HTTP Status Codes and Headers

The request status of the Ajax object is equivalent to the HTTP status of the file that is being requested. HTTP status codes represent the response from the server based on the status of the file that is being requested. There are five categories of status codes available for the HTTP request and the XHR:

  • Informational: 1xx

  • Successful: 2xx

  • Redirection: 3xx

  • Client Error: 4xx

  • Server Error: 5xx

When a status code is received through the Web, it is represented as a number, such as when you try to go to a website and get a 404 error. This is not an arbitrary number; it is representative of the file status and in this case represents the "File Not Found" response. All status codes must be handled appropriately by the server and, ultimately, the requesting Ajax engine. When making a request with the XHR object, these status codes need to be handled by the script that is receiving the response. This means that the developer is responsible for providing feedback to the user based on the response and should do so to make a more usable web application. Typically, if there is a successful response, new data is rendered on the client side as XHTML; otherwise, a message of some sort can be displayed to inform the user that the transaction was not successful and what went wrong. Error handling is not the most exciting thing to code, but it is essential to creating a usable application and can give you skills that you would not gain in other coding situations. We will learn more about error handling in Part II, "Creating and Using the JavaScript Engine," where we will create a custom object to handle all the available HTTP status codes, and respond with useful messages for debugging and ultimately providing users with feedback. To learn more about HTTP status codes, a full list of definitions can be found on the W3C (World Wide Web Consortium) website at

The XHR object can also get or set HTTP headers on the server. Headers can be used to retrieve specific data about a requested file or information regarding specific server attributes. An example of how this data can be useful is in determining how to parse a requested file based on the content-type header. For instance, if the content type is text/XML, we know that we can parse it using the XML DOM and create appropriate methods for handling different types of content. There are many other determinations that can be made based on HTTP headers.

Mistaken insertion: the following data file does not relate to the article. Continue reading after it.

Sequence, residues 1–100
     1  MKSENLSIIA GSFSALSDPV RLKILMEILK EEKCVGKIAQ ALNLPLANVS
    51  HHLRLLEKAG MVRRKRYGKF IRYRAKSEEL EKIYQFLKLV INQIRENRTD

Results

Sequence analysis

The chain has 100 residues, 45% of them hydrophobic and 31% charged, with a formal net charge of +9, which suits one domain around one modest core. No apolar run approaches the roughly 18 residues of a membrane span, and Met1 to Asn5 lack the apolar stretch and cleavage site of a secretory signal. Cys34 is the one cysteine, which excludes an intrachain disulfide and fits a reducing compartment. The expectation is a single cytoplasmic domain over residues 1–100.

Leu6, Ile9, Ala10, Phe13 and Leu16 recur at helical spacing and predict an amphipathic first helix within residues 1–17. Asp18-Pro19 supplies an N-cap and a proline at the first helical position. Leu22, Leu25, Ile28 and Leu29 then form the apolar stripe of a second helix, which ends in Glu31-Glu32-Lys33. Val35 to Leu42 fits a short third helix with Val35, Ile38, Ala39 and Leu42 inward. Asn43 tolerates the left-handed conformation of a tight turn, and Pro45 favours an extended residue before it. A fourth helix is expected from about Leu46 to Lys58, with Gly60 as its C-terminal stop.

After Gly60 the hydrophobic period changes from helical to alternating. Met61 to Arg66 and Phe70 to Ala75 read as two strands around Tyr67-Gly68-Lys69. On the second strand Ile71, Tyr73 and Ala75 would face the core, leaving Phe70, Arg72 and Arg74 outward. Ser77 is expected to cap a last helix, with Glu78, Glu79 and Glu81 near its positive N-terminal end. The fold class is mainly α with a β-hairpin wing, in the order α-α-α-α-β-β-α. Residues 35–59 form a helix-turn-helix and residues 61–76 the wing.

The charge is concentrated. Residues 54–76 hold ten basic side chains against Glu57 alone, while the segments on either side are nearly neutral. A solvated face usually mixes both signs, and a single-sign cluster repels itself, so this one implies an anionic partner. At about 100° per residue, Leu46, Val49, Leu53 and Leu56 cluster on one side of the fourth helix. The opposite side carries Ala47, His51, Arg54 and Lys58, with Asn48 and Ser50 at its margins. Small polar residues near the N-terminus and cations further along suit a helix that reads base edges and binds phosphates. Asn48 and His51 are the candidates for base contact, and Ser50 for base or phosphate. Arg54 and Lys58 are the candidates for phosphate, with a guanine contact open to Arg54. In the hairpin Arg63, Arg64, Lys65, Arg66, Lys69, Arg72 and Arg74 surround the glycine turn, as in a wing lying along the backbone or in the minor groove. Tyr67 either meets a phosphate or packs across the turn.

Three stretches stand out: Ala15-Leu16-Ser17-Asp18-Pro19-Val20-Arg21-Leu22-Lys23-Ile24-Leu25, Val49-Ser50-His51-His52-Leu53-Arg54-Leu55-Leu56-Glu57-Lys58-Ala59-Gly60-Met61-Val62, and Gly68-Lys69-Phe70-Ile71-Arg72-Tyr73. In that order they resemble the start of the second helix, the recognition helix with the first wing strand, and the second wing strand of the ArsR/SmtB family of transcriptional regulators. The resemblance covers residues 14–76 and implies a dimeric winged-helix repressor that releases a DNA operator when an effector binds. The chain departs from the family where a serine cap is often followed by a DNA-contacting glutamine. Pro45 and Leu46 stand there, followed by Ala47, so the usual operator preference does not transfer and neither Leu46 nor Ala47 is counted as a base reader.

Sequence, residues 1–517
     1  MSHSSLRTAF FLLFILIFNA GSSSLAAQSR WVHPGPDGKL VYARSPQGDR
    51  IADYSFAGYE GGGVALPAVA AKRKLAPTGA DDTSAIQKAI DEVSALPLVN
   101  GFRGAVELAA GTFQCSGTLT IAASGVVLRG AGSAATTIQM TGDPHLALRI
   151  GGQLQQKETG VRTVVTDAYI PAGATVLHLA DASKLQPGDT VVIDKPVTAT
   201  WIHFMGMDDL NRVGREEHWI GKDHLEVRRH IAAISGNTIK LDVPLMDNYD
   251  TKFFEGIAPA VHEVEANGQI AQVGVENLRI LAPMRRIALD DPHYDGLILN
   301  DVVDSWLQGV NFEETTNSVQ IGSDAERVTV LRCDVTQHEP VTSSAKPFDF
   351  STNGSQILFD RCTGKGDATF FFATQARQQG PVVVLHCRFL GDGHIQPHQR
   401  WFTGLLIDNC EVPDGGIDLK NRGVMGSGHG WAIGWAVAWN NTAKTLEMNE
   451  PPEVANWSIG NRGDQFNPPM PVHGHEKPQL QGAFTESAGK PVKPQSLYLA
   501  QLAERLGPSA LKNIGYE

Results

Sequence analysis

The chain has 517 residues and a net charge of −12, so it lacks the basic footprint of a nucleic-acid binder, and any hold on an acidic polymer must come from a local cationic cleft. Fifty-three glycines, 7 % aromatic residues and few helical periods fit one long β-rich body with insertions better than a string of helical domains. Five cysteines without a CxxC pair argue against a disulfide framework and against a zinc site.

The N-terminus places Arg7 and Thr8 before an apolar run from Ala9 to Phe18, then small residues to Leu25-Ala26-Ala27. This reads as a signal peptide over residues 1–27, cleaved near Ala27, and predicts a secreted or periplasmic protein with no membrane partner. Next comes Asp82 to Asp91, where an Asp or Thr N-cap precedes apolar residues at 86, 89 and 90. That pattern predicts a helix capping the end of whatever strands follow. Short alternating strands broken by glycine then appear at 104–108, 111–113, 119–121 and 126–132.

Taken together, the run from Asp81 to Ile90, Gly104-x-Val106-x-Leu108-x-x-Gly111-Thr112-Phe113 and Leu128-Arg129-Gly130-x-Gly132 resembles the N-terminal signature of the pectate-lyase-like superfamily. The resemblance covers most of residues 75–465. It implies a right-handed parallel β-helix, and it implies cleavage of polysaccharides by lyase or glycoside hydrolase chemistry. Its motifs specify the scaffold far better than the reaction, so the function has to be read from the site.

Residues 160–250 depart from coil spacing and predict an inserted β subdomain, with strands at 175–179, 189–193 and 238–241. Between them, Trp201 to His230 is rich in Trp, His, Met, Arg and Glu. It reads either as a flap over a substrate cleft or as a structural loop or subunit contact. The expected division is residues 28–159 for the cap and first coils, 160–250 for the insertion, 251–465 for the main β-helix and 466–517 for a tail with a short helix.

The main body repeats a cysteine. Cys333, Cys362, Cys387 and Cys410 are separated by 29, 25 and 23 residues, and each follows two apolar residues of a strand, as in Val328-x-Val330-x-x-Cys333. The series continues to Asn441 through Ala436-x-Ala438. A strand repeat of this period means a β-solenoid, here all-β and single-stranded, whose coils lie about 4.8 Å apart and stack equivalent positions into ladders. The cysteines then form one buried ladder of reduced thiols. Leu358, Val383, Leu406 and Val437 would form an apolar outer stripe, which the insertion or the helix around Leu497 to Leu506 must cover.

There are three native header methods in the XHR object: setRequestHeader, getresponseHeader, and getAllResponseHeaders. The setRequestHeader method enables you to set a header's value by specifying the header by label and passing a value. The syntax for this method is

request.setRequestHeader("label", "value");

By setting the request header, you are adding, deleting, overriding, or replacing the default value of the HTTP request header on the server during that particular request. If a header is not well formed, it is not used and an error occurs, which stops the header from being set.

In addition to setting headers, the XHR enables you to retrieve headers during the response as well. There are two methods that can be used to retrieve headers: getresponseHeader and getAllResponseHeaders. The getresponseHeader method takes a header label as the parameter, which is used to get specific data from that header. Here is a sample of each method:

request.getResponseHeader("label"); request.getAllResponseHeaders();

The getAllResponseHeaders method returns all the headers from the response, which varies depending on the server that is responding. Figure 2.4 shows a sample of all the response headers available for an XML file on the Windows server where my website is currently running.

Figure 2.4. A list of available HTTP headers that can be retrieved by the getAllResponseHeaders method.

This was just an introduction to how useful headers can be in your web applications. There are hundreds of uses that you will find that are out of the scope of this book. To learn more about HTTP headers, a full list can be found on the W3C website at

Ajax for Web Application Developers
Ajax for Web Application Developers
ISBN: 0672329123
EAN: 2147483647
Year: 2007
Pages: 129
Authors: Kris Hadlock

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